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Michael Kitces on the 4% rule
Old 03-22-2014, 07:42 AM   #1
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Michael Kitces on the 4% rule

here is an interesting interview with michael kitces. michael is one of the most famous researchers today in the field of retirement planning and his words move an entire industry.

he talks about how the 4% rule is not a complete retirement strategy but only sets a safe floor to begin. it assumes you are retiring right on the eve of the worst of times to date.

of course folks hating to spend money for financial advice want a magic number to take with them for life so they do not need an advisor and there is the problem since there is no magic answer.

these studies and the numbers that come out of them are only for establishing a safe floor for starting out. things have to be reviewed and personalized criteria looked at and figured in as time goes on.

it was never intended to be a "here is your spending level , have a nice life"

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Old 03-22-2014, 10:43 AM   #2
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Interesting, thanks for sharing. I'm not retired yet, but within the next 10 months. DH and I were pretty good at the "accumalation phase", now I'm reading and trying to learn all I can about the "spend down phase".
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Old 03-22-2014, 11:29 AM   #3
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Interesting video. He points out that 4% SWR should not be considered as a "set and forget" withdrawal level, depending on many changing factors such as market conditions.

Many of us who retired in the midst of the 2008-2009 recession find that now we have a considerably larger nestegg than we did at retirement. So if we pretend we are retiring today, instead of back then, the withdrawal amount for a given SWR would be larger than what we may have computed based on a 2008-2009 retirement.

Being of a cautious nature, I compute my WR several different ways and make sure it is OK with me using any of them.
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Old 03-22-2014, 11:29 AM   #4
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Google the topic on the BH site. That horse has been beat to death. If the horse had 9 lives, it would be on its 19th. Original authors of the 4% rule never stated it was a hard and fast rule. In fact, they later advised maintaining financial flexibility in retirement, with the 4% rule used as a starting point.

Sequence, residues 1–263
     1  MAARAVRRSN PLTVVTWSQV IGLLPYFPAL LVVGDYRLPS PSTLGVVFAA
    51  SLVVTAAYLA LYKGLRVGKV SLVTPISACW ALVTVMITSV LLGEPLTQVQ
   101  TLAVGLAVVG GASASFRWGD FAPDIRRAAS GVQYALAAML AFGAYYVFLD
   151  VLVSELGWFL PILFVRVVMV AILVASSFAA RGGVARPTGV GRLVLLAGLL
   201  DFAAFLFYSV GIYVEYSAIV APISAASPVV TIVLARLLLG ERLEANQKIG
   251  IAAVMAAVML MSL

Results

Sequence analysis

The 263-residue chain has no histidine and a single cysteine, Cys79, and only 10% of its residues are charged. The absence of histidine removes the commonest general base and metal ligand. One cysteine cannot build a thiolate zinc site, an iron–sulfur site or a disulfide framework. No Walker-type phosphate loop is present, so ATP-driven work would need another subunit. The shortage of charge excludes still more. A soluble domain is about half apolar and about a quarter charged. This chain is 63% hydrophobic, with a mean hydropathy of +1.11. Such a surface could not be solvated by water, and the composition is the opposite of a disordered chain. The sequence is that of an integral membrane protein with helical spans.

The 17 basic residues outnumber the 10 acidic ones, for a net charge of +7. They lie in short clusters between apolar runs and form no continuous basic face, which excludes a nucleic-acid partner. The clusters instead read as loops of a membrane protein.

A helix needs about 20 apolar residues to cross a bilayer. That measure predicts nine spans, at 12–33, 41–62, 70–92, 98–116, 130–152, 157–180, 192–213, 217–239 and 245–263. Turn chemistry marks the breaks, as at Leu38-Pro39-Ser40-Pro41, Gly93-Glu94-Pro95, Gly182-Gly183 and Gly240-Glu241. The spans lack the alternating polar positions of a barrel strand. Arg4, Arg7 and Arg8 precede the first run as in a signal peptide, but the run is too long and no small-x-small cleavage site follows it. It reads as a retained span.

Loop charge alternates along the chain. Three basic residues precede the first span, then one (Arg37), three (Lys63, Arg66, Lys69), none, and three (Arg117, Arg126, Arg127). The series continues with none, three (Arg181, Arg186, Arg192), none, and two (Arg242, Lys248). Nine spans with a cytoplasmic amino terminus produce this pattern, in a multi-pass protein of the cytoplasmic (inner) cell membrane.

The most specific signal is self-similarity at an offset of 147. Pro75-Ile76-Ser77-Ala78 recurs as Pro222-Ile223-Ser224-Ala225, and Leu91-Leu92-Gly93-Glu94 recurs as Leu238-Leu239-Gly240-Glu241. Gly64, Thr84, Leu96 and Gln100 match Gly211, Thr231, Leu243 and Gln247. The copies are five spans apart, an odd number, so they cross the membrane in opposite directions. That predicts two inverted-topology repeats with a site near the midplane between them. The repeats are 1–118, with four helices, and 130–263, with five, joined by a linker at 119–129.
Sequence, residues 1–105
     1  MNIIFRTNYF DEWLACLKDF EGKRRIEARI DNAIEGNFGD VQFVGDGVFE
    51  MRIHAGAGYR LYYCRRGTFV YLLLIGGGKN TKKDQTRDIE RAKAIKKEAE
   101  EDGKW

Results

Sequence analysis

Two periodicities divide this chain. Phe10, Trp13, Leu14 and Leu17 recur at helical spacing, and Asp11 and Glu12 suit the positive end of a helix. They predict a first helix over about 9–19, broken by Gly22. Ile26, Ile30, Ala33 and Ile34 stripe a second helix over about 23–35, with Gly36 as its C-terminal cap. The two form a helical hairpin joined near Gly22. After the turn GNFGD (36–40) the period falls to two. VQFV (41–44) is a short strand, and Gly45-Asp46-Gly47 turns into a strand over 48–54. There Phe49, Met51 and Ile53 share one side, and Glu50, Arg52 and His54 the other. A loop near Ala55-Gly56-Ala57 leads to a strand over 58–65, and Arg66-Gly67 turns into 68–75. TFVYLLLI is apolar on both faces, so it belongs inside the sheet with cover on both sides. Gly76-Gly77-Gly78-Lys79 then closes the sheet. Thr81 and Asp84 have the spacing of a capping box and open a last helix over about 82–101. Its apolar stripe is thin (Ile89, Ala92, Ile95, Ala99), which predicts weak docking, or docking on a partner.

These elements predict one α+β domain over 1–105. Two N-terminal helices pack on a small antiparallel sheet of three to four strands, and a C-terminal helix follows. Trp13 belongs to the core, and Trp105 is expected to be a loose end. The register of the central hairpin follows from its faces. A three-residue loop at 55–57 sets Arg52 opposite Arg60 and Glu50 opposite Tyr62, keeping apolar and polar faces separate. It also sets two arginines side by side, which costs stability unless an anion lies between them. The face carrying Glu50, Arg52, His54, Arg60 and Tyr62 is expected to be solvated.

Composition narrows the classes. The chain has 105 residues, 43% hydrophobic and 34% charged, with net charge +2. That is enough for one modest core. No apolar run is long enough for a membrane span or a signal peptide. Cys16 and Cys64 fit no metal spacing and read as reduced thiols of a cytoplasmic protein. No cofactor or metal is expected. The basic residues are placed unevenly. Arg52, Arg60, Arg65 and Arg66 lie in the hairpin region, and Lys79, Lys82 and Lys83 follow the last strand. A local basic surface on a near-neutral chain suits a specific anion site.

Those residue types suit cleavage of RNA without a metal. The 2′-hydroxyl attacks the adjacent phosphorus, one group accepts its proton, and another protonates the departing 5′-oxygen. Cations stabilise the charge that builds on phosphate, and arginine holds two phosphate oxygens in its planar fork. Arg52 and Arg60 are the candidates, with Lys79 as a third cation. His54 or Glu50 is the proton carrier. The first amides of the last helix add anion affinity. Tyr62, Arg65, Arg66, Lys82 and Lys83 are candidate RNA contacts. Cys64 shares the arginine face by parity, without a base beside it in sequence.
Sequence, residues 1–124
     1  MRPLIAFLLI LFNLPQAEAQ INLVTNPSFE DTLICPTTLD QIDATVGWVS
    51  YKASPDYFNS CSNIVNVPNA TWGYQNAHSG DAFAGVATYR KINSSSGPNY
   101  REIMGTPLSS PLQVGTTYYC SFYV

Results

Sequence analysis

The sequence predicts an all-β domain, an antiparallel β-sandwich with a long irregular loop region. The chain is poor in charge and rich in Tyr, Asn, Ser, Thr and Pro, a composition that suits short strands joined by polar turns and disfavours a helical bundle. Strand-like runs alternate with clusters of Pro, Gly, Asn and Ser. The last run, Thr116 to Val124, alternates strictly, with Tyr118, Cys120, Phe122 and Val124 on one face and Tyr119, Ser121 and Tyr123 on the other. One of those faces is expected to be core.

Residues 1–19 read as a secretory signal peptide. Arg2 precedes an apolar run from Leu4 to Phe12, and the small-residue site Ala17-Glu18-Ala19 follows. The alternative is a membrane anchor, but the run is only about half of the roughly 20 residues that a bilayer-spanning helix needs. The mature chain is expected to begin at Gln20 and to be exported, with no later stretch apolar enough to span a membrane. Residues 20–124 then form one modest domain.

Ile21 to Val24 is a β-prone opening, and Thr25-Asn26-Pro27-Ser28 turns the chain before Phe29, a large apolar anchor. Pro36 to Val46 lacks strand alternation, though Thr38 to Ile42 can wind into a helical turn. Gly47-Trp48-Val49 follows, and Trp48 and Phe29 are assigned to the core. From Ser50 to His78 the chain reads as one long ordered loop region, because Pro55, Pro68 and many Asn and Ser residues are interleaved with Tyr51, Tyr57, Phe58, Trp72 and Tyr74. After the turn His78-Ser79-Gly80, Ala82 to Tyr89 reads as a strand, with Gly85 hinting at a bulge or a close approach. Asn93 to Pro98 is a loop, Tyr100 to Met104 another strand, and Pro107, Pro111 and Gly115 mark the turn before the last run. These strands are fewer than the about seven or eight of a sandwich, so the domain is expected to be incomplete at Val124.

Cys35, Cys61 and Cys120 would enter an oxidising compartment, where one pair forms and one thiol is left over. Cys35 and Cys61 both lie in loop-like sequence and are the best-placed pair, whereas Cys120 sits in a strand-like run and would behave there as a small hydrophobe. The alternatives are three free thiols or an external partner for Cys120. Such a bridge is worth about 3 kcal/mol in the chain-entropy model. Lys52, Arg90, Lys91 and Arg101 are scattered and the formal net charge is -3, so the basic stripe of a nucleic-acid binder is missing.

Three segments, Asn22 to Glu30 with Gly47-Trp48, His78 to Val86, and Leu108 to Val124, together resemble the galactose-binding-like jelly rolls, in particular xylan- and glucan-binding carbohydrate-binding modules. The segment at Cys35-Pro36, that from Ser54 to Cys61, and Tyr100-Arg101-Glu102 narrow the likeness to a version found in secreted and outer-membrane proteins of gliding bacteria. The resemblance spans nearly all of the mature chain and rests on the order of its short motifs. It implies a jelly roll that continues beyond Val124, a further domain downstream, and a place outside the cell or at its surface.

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Old 03-22-2014, 11:49 AM   #5
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Old 03-22-2014, 11:51 AM   #6
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Google the topic on the BH site. That horse has been beat to death. If the horse had 9 lives, it would be on its 19th. Original authors of the 4% rule never stated it was a hard and fast rule. In fact, they later advised maintaining financial flexibility in retirement, with the 4% rule used as a starting point.
Absolutely, and I suppose that is why so many of our members do not actually follow it at all. I would be willing to bet that Mathjak, for example, is more inclined to withdraw more than 4% right now based on what I recall from previous posts of his. Of course, I could be wrong and wouldn't want to speak for him.

When I first started following online retirement discussions, before the trinity study, a WR of 6%-8% seemed more often used than 4%. Times sure change, don't they! But we still have a variety of WRs in use here.
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Old 03-22-2014, 12:09 PM   #7
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i will first start withdrawing in july. i will go with bob clyatts method until i get my feet wet and see how things go.

i think i will combine michael and pfau's rising glide path method along with bobs method of withdrawing initially.

right now i am about 37% equites in my retirement model and i will increase by 1% a year once i get rolling.

my origonal plan included a nice income we had from a real estate llc we are partners in . but the sale of the lease rights we were holding in a very high profile sale last month ended that income for us.

our partner bernard spitzer the real estate mogal decided to sell and he was the senior partner.

although i got a nice chunk of change from the sale now i will have a hard time even coming close to that income.

i thought i would be able to get by with only 2% withdrawals or so but now it looks like i will be pulling 2x that easy.